The American mall isn’t dead. And reports of its imminent death are greatly exaggerated. Yes, big box closures are hurting malls and mall traffic. Or maybe the other way around. Either way, the dilemma facing malls has to be seen as a precursor to change or an evolution of malls as we know them.
The first shopping mall was built in 1956, and between then and 2005 roughly 1,500 malls were constructed in the United States. Currently, there are about 1,300 still operating. So, one of the initial speed bumps is the considerable saturation of shopping malls and retail. According to ICSC, the United States has 23.5 SF of retail per capita, compared to 16.4 SF in Canada and 11.1 SF in Australia, the next two highest countries. Combine that with today’s evolving shopping habits, and it’s easy to see why many analysts are predicting the death of the mall.
It’s become increasingly difficult for many retailers to be profitable and maintain their existing store inventory. And that’s where we’re seeing a shakeout of weaker retailers in the market. The increased competition from online retailers and a saturated mall market has forced some companies to close up shop. Traditional mall anchors such as Macy’s, JCPenney, and Sears have all announced store closures. But is that a sign of the death of malls, or merely a consequence of failing to evolve with the times?
On the flipside, competition and saturation has forced many retailers to find ways to stay relevant, provide a retail experience, and to meet changing consumer demands. Eyeglass retailer Warby Parker is a prime example of a company that went the extra mile to satisfy new consumer habits. When implementing a point-of-sale system to be used across different platforms, the retailer saw flaws in each of the 30 existing programs it analyzed. So what did they do? They created their own. They knew that in order to fully satisfy customer demands and needs, they needed to go above and beyond what was offered.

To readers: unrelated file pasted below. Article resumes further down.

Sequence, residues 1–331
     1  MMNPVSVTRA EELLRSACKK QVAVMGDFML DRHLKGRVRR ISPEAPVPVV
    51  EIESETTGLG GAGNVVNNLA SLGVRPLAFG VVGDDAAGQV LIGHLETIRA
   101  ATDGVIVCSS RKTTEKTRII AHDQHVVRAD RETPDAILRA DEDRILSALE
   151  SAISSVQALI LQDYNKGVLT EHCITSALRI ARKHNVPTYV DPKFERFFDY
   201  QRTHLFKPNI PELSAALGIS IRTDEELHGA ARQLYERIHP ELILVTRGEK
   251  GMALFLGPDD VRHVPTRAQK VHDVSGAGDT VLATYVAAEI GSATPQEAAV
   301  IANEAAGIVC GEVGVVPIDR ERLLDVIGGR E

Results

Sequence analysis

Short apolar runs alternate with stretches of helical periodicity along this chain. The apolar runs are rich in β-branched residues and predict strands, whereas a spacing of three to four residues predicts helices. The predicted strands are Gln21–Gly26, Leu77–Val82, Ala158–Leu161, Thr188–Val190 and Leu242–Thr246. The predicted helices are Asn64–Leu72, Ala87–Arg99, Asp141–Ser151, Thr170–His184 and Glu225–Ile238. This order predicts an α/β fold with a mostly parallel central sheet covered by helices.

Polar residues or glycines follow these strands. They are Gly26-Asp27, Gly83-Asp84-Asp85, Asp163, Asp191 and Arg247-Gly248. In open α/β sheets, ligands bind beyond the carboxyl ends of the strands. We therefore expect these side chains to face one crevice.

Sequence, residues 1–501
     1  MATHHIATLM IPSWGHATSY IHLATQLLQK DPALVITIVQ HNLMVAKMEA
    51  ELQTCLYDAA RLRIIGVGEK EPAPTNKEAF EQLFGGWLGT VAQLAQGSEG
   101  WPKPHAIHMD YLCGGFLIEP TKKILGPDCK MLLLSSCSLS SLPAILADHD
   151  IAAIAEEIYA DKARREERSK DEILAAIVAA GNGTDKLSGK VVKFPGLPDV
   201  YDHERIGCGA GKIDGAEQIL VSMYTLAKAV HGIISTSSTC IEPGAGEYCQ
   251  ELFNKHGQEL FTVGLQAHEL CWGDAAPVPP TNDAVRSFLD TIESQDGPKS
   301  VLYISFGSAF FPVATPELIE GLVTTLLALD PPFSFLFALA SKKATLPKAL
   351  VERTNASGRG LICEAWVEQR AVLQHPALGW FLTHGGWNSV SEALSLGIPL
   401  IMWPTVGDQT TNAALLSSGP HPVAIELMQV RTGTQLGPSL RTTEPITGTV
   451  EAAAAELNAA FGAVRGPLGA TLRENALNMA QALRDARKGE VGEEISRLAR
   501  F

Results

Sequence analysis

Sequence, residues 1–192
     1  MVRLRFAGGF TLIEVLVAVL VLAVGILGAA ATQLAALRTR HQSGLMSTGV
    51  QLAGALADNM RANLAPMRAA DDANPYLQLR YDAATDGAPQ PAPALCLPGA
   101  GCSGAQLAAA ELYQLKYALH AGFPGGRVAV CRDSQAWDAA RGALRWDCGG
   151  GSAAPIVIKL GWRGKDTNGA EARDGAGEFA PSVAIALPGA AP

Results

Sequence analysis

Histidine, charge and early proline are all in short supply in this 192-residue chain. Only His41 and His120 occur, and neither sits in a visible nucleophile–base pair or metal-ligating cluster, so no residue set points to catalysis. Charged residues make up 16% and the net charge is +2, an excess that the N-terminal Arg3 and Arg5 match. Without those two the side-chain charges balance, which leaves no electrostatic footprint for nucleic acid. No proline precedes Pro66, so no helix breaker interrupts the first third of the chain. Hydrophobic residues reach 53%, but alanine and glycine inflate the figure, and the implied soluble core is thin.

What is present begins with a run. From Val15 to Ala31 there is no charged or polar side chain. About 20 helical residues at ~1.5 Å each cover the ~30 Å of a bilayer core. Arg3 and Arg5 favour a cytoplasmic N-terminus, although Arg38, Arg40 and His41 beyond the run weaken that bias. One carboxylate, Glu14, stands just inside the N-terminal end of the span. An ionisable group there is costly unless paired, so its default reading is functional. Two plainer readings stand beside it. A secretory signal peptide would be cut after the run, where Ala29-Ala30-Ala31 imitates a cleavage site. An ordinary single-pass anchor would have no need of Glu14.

That same mentality applies to many of the mall retailers who are fearful of the “death of malls” discussion. Those that have embraced omni-channel, immersive, engaging retail platforms will likely find ways to succeed. Those that don’t, are falling by the wayside.
And much of that has to do with economic shifts and changing consumer behavior. Millennials are spending less on retail and more on food, entertainment, and travel. Everyone is seeing this as the segway into the death of malls, retail, and everything as we know it. But these shifts in consumer habits, and closures of traditional retailers are opening doors to new users filling vacant mall spaces.
Property owners are finding new ways to backfill vacated space. New, unique users are stepping in to take space once held by the likes of Sears, Kmart, and Macy’s. New York-based Seritage Growth Properties manages a portfolio of more than 200 properties leased to Sears Holdings. Out of the vacant Kmarts or Sears that Seritage manages, only 33% have been re-leased to apparel and accessories. Other uses include:
14% Dining and Food
- 10% Entertainment
- 9% Home
In addition to the shift in users, Seritage also notes that while Sears was paying roughly $4.40 PSF, these new users are re-leasing the spaces at nearly 4.5 times that rental rate. So, we’re seeing signs of significant value-add opportunities in some of these store closures.
So, while there will definitely be more department stores that will continue to close, that doesn’t mean malls will go the way of some of these retailers. Creative uses and the emergence of new users and concepts will ensure that malls aren’t going to die, but evolve.